The system head curve shown in Figure 2 represents how the station operates. The head is basically constant. but the flow can vary wicJely, depending on the water requirements of the city's residents. A pump operating in reverse is essentially a fixed geometry turbine and can only intersect the system head curve at the rated point. In order to operate at flows less than 7.5 CFS, a valve is placed in series with the turbine to break down the difference in head between the system curve and the turbine curve and the particular flow required. If flows required are greater than 7.5 CFS, the existino pressu ro- reducing valve, which was installed in parallel with the turbine, is opened to bypass flow as required. Thus, the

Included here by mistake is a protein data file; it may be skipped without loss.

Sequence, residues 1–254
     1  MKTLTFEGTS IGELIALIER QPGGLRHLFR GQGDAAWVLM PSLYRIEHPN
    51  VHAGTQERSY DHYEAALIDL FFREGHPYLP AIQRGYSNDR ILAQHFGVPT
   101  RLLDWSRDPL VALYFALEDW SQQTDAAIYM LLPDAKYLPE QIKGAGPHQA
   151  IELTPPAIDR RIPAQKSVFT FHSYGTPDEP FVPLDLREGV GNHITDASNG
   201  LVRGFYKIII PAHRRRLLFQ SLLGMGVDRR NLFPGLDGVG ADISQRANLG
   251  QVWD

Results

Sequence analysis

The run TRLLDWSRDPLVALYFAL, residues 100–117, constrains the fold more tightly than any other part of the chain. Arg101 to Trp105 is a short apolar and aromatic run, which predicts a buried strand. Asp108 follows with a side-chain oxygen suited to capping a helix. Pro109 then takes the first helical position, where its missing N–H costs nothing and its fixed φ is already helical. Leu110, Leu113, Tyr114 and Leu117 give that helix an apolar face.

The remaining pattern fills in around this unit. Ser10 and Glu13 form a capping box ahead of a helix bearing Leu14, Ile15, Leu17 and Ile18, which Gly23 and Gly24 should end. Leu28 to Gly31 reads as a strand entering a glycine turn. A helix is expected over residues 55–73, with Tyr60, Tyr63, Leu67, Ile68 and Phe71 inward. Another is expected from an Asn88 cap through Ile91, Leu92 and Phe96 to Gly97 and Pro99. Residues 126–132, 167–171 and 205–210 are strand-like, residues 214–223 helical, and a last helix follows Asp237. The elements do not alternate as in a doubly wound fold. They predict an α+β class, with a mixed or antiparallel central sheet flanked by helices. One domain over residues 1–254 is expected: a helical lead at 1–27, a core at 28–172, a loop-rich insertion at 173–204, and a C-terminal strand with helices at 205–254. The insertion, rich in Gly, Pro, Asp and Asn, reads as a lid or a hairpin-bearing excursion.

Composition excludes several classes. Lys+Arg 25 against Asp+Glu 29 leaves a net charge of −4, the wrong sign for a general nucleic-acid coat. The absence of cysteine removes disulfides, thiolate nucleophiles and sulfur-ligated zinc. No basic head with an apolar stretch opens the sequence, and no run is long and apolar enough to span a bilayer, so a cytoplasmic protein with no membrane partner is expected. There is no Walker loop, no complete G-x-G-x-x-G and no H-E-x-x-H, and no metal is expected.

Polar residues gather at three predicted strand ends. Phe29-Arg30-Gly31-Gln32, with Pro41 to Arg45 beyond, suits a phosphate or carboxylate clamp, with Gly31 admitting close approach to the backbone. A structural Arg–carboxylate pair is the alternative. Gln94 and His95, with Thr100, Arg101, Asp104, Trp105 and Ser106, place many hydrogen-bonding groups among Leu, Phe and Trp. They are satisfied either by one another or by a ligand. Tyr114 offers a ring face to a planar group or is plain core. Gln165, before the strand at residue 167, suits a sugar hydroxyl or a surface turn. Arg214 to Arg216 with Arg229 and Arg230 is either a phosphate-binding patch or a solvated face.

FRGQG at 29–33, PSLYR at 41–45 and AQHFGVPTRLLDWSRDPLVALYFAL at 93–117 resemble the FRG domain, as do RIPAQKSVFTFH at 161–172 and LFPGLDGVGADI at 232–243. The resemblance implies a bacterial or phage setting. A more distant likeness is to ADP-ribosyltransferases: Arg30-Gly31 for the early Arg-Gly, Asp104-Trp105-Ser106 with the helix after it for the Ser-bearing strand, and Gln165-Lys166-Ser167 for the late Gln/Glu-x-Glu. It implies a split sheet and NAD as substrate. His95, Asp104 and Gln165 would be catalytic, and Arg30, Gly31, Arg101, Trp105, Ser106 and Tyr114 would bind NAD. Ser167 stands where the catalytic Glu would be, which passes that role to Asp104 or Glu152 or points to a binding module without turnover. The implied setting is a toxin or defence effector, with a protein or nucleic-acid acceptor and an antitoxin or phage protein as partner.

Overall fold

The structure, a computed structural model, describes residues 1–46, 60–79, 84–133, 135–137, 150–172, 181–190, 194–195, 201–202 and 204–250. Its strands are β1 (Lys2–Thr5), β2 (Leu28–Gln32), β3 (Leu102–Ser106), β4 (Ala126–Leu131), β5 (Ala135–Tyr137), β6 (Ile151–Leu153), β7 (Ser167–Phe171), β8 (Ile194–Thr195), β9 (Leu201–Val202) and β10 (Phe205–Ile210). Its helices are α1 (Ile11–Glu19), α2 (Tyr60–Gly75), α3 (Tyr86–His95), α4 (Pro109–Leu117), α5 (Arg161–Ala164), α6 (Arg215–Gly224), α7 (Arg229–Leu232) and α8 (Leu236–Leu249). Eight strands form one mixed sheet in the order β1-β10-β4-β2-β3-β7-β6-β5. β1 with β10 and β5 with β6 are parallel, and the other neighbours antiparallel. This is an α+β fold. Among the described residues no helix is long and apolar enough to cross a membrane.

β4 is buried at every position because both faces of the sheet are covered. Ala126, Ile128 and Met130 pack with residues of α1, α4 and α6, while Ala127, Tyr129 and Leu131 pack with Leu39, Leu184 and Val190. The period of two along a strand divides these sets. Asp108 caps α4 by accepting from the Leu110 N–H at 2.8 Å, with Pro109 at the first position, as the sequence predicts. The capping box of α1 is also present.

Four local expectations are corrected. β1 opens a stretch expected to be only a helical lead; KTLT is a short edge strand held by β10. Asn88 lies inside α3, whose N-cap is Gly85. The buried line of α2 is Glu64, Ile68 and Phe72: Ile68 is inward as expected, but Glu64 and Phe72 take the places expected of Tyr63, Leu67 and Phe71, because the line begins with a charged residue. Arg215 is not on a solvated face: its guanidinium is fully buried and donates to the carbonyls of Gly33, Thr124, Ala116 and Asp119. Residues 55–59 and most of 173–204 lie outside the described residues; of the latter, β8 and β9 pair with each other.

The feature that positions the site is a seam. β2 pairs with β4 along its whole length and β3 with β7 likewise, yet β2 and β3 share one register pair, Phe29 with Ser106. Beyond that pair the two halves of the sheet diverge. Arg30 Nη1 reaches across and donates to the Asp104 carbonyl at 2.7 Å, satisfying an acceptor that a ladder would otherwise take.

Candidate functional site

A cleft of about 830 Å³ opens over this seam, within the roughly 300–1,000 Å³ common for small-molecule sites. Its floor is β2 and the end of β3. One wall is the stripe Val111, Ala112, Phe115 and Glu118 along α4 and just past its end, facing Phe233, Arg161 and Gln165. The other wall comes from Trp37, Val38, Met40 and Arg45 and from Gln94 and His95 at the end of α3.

Orchard Mesa hydrofurbine as pump drive.

LaHabra hydrofurbine as pressure-reducing valve.

entire flow range can be accommodated.

The cost to the city lor the entire project was approximately $160,000, It is expected to produce about 760,000 kilowatt-hours of electricity per year, or enough to serve 125 homes. The cost is expected to be recovered within 3/2 years, alter which revenue from the project over the next 20 years is expected to surpass $1 million.

The purnp selecteel had several important modifications to make it suitable for installation as a turbine. First. since the downstream water pressure was approximately 40 percent higher than the normal casino pressure of the pump, a special ductile iron material was selected for the castine. The shaft was made from high-strength stainless steel, and special bearinqs were selected for the high runaway speed. Tile turbine was started up in ,July of 1982 and has been operatlno well to date,

Pump-turbines in power stations